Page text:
It’s clear from the Axie Infinity Ronin Network breach of 2020, the hack of the DeFi protocol Poly Network in August 2021, and further back – the KuCoin attack of 2020 and the Binance Security  breach in 2019 that blockchain isn’t inherently secure.

This blog post shows how the blockchain and distributed ledger technology at large is not immune to two of the most basic areas of cybersecurity as well as how enterprises using blockchain technology should address them.

The hacks show us that simply by moving the world to blockchain, it will not remove the risks associated with two areas of cybersecurity: first, end user behavior; and second, cybersecurity hygiene. As a 20-year practitioner, it’s frustrating to me that we continue to make the same mistakes as 20-years ago, just in a different programming language.

Blockchain Risk Area 1: End Users

First, systems are only as strong as their users. No matter how good the system is, any loss of information, compromise, virus, misunderstanding, or exploit of an end user or their ‘key’ to your system WILL result in a compromise to their account.

No matter how good the system is, an exploit of an end user or their key will result in a compromise of their account.

Sometimes a backend risk system will catch a transaction that is unexpected and is out of sorts for the user, but often entities simply use ‘insurance’ just to pay back the user rather than block their experience.  Most financial institutions still will not accuse their users of being stupid or provide help to make an end-user computer system better.  It’s better PR to just make them whole if they make a mistake or have a transaction go through that resulted from theft of their password. Good on Binance … they just made the users whole.

From a prevention standpoint though, until there are more measures directly aimed at proving the intent and identity of the user with backend detection, AI, behavior, signal detection, and instrumentation, incidents will continue to happen within blockchain infrastructures just as in any traditional system.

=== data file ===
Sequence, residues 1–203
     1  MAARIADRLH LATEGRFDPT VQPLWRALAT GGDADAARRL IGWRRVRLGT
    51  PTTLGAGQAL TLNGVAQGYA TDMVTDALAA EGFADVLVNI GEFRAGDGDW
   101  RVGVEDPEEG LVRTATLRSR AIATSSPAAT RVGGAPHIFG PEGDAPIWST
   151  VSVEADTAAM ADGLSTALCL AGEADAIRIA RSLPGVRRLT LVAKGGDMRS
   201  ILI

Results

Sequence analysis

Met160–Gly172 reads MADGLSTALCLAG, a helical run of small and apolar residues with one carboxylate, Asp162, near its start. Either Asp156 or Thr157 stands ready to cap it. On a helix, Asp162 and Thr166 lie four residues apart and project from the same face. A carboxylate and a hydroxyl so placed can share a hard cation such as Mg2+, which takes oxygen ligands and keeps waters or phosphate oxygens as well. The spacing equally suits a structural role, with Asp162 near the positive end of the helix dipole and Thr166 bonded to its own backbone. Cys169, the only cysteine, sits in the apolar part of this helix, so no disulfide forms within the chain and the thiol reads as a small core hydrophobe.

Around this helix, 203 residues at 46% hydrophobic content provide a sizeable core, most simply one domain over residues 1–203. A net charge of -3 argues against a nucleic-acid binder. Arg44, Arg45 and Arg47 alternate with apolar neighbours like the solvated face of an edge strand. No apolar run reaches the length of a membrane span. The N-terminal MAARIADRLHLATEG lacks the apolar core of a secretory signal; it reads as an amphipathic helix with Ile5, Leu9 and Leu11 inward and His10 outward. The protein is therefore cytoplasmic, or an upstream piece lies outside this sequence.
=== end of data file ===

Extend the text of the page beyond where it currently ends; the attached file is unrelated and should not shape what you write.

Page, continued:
Blockchain Risk Area 2: Lack of Basic Cybersecurity Hygiene

Second, companies must stop skipping basic cybersecurity hygiene! I’m very happy to read that Binance had backend systems that noticed something, but I’m guessing that they do not have a comprehensive managed security provider aggregating their custom application and blockchain logs into a SIEM, behavior tool, systems instrumentation, etc.

I have not talked to Binance specifically, but I have tried reaching out to exchanges to ask about their cybersecurity abilities. Without fail I hear “We take care of all of that internally.” Unless these exchanges have all built a fully operational staff of cyber experts (hah!) these breaches will continue to happen.


Unless you have a fully operational staff of cyber experts, crypto exchange breaches will continue to happen.

Please do not believe that your expert developers understand cybersecurity like the actual cyber experts. 90% of a blockchain system has the same application risks as a traditional data center system. Don’t forget what we have learned from NIST, PCI, HIPAA, etc.

What we have learned over the years is that unless you have an effective build process, implementation process, operational process, and response process – you are very likely not fully prepared for the “one-way” nature of blockchain and its financial transactions.  When things go wrong, they can go wrong catastrophically.

Get in Touch

If you run a crypto project or an exchange, I would love the opportunity to have my team run a short cybersecurity assessment on your environment and start to make some headway in improving architecture, monitoring, or response so that we can get your detection and response time to near zero. Get in touch with our team here.

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